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Komin Cast Iron

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If any has any of the Komin pieces, please post thoughts on your experiences with it.



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  1. Silicone coating? Wonder what that is.

    1 Reply
    1. re: dixiegal

      I've been eyeballing those pieces in the WS catalog but I had completely missed the fact that they have a silicone coating. I am so glad I saw this because I have no interest in paying that much for any cookware with a silicone coating. Thx!

    2. I am reviving this post. I went to Williams Sonoma and saw the Komin Cast iron fry pan. It is indeed very thin and very light. It is lighter than my DeBuyer ForceBlue frying pan, and much lighter than my cast iron skillet. It is also a piece of attractive cookware. I know some people really like cast iron cookware except for the heavy weight. If so, the Komin cast iron cookware series may worth looking into.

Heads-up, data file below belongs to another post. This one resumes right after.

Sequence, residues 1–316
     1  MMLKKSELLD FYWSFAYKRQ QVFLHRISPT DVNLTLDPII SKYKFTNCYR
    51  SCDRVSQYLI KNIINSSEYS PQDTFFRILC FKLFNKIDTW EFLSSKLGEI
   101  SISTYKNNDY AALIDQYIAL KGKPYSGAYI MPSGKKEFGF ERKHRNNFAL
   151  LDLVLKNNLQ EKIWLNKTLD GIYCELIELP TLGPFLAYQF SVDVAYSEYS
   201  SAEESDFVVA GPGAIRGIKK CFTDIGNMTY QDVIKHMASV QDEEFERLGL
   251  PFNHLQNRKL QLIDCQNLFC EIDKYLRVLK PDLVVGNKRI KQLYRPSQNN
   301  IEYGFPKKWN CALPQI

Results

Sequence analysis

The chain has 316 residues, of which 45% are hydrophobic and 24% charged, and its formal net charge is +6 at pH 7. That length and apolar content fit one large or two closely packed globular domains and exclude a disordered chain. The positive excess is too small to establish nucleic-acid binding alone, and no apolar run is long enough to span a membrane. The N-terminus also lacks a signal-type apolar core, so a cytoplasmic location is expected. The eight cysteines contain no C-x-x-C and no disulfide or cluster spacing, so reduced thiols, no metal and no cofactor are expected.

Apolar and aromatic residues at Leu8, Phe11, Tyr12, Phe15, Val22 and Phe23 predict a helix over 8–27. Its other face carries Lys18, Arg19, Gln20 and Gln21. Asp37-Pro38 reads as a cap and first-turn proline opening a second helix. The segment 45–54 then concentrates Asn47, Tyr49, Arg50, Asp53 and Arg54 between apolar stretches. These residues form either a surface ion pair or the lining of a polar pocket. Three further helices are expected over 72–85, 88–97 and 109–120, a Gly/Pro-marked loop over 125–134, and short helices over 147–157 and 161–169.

As you can see, the product description states that it is a "cast iron with nonreactive black matte silicon coating."

      Whenever you read a cookware is coated with "silicon", 99% of the time, it is really the misspell of "silicone" -- which is another nonstick coating beside Teflon (PTFE).

      Except, I don't think this is the case. I think it is really coated with silicon, not silicone.

      Here are a few reasons. First, if it is really coated with silicone, then it should have been advertized as a non-stick cookware. It didn't. In fact, it has been stated that these Komin cookware needed to be seasoned.


      Second, silicone has a low temperature limit. No temperature limit has been mentioned for the Komin.

      Third, silicone is soft and should not be used with metal utensils. This is also not mentioned.

      All of these suggest that the Komin cookware are coated with silicon (possibly silicon dioxide). If so, it is really more like enameled cast iron.